Getting a tax bill after you have gone through a foreclosure is like pouring salt on the wound. You’ve lost your home and you probably don’t have much money so why would you owe the IRS anything?
Here’s why: The IRS treats forgiveness of debt as taxable income. For example, if you owe $300,000 on a home, it goes into foreclosure and the bank sells it for $200,000 and writes-off the rest of the loan, under the tax code the $100,000 of forgiveness of debt is taxable income.
In 2007 Congress enacted legislation that excludes up to $2,000,000 in forgiven mortgage debt from taxes as long as the loan was used to buy or improve your primary residence. Most people who lost their home to foreclosure last year won’t have to pay taxes on the cancelled debt.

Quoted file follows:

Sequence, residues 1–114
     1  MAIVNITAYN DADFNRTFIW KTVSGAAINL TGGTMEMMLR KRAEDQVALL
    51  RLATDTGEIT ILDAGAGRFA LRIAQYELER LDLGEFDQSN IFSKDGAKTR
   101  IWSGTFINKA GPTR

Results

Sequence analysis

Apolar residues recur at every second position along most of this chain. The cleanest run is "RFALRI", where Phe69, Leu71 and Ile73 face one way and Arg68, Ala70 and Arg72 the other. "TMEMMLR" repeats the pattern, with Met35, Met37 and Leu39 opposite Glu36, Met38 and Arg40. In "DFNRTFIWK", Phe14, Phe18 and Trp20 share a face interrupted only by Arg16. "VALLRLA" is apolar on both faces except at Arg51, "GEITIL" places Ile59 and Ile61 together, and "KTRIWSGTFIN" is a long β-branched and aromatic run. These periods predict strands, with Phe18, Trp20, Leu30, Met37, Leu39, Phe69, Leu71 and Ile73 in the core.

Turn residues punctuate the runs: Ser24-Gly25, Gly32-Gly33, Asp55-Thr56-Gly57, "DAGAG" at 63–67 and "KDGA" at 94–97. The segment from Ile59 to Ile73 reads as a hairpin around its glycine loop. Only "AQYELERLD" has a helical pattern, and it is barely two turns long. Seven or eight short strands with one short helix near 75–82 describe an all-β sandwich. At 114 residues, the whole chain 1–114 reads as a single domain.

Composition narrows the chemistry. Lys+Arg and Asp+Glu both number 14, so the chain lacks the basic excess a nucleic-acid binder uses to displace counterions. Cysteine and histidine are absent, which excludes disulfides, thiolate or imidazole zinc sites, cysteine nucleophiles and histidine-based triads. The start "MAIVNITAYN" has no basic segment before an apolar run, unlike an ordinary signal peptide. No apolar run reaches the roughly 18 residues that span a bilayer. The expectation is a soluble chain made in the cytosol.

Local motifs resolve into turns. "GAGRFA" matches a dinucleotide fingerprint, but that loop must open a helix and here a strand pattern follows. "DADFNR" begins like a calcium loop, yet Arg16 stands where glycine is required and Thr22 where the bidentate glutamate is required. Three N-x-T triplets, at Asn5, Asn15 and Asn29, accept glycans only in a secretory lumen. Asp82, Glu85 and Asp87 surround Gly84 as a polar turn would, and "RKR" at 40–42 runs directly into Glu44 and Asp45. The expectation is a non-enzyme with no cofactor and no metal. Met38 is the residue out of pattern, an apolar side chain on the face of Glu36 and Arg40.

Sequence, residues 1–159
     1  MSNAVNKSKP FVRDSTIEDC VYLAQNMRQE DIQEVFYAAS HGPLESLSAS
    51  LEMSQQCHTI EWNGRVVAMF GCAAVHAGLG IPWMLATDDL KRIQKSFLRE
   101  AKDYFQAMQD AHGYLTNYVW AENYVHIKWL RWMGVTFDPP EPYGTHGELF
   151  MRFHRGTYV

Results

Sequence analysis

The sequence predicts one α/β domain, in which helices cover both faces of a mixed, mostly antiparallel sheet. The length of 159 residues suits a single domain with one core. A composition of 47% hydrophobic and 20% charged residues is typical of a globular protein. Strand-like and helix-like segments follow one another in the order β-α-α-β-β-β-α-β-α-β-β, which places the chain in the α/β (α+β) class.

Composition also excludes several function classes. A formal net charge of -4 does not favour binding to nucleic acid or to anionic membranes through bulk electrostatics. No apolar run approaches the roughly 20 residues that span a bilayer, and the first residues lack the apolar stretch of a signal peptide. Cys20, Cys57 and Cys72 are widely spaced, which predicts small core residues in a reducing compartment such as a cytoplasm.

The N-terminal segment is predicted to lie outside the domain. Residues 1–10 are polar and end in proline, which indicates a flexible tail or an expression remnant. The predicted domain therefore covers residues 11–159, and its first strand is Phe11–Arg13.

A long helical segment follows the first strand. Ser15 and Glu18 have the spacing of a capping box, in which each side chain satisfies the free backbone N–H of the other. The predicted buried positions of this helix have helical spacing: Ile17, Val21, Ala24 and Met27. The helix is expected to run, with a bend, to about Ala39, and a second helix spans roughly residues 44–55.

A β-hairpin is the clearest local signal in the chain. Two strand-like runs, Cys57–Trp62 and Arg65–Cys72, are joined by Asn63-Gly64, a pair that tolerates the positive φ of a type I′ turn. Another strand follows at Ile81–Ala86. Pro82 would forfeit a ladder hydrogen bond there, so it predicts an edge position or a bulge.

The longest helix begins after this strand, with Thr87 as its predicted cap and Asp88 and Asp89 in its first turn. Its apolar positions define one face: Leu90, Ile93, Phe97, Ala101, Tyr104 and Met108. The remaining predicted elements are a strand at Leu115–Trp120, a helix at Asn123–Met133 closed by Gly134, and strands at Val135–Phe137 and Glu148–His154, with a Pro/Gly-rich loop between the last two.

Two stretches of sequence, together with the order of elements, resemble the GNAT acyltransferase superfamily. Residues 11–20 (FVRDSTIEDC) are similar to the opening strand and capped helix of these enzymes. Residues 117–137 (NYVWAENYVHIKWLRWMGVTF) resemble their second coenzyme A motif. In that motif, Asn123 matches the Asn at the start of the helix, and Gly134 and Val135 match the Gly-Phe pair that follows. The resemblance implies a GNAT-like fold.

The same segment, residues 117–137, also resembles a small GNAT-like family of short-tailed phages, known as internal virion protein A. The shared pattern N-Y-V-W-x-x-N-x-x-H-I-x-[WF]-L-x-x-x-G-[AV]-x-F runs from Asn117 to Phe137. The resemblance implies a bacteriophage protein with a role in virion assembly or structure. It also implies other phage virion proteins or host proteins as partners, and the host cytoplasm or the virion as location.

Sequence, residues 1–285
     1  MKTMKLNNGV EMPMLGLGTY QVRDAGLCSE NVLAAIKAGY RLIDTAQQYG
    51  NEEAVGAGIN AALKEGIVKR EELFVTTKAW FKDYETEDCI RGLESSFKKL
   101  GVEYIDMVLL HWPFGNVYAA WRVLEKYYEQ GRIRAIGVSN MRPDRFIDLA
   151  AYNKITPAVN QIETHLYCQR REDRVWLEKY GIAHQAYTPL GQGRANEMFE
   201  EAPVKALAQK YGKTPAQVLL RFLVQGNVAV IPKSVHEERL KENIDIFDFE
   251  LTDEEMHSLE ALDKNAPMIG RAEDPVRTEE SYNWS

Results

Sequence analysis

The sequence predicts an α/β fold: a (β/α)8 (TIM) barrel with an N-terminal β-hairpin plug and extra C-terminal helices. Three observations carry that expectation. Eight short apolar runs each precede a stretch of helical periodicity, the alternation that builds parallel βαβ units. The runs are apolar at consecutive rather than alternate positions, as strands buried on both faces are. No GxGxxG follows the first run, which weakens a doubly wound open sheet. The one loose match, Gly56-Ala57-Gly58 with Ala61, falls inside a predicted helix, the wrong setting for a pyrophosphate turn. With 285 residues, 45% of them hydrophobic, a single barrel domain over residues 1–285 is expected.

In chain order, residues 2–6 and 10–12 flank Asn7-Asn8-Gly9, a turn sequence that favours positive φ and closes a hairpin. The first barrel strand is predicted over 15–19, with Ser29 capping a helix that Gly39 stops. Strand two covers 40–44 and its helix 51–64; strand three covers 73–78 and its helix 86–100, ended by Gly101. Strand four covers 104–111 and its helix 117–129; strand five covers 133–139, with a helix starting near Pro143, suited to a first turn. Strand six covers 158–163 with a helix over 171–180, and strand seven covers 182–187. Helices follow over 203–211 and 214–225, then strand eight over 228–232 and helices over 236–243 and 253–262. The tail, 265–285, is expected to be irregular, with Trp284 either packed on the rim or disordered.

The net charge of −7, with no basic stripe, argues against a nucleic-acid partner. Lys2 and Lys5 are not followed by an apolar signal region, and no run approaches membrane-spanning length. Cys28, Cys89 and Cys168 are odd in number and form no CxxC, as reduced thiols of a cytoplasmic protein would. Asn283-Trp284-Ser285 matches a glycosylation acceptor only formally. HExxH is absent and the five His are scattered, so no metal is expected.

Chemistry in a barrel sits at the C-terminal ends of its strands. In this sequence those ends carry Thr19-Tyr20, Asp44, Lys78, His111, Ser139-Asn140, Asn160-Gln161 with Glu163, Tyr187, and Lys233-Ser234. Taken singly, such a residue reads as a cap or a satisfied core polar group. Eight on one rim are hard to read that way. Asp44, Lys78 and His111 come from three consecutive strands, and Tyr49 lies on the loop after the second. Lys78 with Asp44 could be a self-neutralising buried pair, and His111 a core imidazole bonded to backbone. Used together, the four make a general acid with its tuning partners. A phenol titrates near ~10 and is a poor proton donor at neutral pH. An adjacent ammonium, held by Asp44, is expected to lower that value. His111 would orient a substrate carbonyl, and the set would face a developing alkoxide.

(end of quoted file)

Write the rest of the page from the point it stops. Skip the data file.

However, there are limits to this relief. For example, the exclusion is scheduled to expire at the end of 2012. Important – banks and other lenders that write-off more than $600 of debt are required to send the borrower a Form 1099C. This form also goes to the IRS.
If you receive a 1099C for debt that was forgiven as a result of foreclosure you need to tell the IRS if it qualifies for the exclusion. To do this you would need to fill out a Form 982 on your Form 1040. Otherwise, the IRS could treat your forgiveness of debt as taxable income.
You can find more information at http://irs-taxdebthelp.com